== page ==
Documentary filmmakers often set themselves to the task of exploring the events of the past. What Joshua Oppenheimer and his filmmaking team do in The Act of Killing, on the other hand, is something singularly remarkable: They bend the act of exploring those events into the chance to redeem a human soul.
The background is the 1965 military coup in Indonesia, which led to the purging and execution of more than a million people, most of them accused of being Communists. The subjects are several of the men tasked with carrying out those executions, focusing on Anwar Congo and Herman Koto. They seem to feel no remorse for their actions; indeed, they see Oppenheimer’s film project as a chance to celebrate their deeds, which the director gives them a chance to re-create in any manner they choose.
The results are jaw-dropping—not just for the arresting images, including a musical number staged at the location of a giant fish sculpture, but for the matter-of-fact way in which we see Congo and his compatriots describe their techniques for torturing people or carrying out killings while minimizing the messiness. One man bluntly decries the futility of trying to bring so-called war criminals to justice; history is written by the victors, yes, but it’s a potentially endless cycle of violence attempting to rewrite that history.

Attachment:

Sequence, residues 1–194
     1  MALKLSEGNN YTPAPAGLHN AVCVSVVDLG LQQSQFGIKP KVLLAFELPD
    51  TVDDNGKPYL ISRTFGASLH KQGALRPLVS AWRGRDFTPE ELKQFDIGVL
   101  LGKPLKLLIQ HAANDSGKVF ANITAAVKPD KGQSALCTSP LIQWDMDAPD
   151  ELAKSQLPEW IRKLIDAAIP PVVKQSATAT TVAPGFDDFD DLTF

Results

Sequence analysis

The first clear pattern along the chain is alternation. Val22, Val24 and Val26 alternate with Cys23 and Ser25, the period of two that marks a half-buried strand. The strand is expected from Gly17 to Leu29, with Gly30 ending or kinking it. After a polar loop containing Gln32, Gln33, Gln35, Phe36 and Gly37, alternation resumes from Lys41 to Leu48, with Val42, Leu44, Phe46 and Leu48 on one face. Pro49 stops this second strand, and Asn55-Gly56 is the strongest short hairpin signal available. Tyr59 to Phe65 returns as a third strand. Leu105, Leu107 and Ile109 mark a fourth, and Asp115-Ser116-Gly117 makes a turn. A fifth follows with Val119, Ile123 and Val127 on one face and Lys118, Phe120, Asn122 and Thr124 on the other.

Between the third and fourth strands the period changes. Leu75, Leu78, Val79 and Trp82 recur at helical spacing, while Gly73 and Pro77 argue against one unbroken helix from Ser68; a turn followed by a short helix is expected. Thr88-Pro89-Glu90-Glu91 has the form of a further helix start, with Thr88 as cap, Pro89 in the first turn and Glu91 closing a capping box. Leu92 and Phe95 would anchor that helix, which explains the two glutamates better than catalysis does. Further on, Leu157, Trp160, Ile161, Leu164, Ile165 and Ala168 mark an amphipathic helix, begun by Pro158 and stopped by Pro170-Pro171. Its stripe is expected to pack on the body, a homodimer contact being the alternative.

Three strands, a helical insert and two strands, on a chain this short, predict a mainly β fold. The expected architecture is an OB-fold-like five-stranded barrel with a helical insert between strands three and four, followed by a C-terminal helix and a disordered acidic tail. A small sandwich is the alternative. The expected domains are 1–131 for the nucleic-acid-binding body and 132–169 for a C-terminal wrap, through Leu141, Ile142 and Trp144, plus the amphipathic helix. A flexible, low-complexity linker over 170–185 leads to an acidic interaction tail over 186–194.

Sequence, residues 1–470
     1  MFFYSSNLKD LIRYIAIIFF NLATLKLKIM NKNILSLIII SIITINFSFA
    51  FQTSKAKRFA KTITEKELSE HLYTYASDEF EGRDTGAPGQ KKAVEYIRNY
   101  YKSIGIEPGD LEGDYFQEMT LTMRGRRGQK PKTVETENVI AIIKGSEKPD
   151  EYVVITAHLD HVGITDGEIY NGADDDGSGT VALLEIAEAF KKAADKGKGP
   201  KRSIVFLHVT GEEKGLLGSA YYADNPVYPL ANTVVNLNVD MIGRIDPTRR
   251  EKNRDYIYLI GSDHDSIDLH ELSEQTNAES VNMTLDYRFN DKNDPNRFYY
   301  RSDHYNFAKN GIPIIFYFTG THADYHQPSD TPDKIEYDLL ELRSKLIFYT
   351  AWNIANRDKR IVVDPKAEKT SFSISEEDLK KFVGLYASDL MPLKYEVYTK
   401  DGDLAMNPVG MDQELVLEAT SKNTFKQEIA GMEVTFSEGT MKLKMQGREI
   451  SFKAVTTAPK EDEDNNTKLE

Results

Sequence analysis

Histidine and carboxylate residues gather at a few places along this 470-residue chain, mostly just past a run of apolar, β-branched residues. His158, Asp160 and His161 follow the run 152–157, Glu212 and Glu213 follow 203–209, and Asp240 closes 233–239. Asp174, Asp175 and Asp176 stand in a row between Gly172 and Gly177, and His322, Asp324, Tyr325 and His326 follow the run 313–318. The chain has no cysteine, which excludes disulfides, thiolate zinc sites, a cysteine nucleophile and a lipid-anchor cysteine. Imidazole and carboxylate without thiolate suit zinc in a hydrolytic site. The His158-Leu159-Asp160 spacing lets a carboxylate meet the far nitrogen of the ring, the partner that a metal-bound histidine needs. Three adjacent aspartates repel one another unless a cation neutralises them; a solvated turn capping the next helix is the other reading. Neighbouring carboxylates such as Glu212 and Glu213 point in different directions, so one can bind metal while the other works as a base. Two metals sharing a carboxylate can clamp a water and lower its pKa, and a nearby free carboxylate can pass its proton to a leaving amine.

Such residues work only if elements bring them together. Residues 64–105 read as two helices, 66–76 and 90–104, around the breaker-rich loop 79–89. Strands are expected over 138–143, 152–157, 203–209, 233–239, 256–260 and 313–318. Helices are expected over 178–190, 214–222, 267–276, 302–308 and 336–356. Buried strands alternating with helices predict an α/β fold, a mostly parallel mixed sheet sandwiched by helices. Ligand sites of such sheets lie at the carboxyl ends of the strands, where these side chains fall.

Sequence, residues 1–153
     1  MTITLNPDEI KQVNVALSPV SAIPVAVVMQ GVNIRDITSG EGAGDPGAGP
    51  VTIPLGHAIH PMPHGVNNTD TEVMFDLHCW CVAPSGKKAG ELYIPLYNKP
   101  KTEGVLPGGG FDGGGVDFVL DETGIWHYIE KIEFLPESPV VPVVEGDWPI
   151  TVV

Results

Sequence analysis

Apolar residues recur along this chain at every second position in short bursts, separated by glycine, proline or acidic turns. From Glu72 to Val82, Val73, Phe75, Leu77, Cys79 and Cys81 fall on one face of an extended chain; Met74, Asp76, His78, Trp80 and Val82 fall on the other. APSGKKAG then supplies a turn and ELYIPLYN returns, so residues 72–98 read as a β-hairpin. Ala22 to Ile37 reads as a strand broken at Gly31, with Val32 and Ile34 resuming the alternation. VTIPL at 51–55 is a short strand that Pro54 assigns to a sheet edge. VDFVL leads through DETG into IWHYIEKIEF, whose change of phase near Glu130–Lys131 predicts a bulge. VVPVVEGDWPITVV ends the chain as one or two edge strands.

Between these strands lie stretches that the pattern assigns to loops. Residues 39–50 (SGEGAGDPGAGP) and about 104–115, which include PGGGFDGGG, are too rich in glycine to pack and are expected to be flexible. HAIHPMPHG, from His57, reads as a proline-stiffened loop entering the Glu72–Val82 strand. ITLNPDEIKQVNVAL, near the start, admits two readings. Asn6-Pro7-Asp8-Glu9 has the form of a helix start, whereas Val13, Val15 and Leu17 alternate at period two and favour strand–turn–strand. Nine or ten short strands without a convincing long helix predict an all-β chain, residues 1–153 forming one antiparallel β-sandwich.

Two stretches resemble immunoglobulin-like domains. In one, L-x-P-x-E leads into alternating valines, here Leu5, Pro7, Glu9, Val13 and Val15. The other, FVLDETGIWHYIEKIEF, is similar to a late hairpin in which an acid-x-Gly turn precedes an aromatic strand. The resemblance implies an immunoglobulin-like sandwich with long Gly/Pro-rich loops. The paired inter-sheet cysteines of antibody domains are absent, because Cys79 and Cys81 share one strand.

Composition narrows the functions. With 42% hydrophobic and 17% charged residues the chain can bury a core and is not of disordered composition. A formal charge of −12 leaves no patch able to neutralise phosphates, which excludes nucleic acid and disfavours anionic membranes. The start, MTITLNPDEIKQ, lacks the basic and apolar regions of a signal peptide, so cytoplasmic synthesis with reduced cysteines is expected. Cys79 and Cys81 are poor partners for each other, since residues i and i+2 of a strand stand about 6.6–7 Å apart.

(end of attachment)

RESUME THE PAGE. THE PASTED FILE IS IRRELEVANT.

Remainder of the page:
Yet most gripping of all is the way The Act of Killing shows the willful suppression of guilt as a pure survival instinct. Repeatedly, Oppenheimer captures men who claim no knowledge of certain crimes, or find themselves startled at their emotional response to re-creating the crimes they committed. By the time Anwar Congo’s arc of self-discovery is complete—bookending one of his earliest scenes with a powerful return to the same location—The Act of Killing has become one of the most haunting films you’ll ever see about facing the reality of something you’ve built an entire identity around not facing.
THE ACT OF KILLING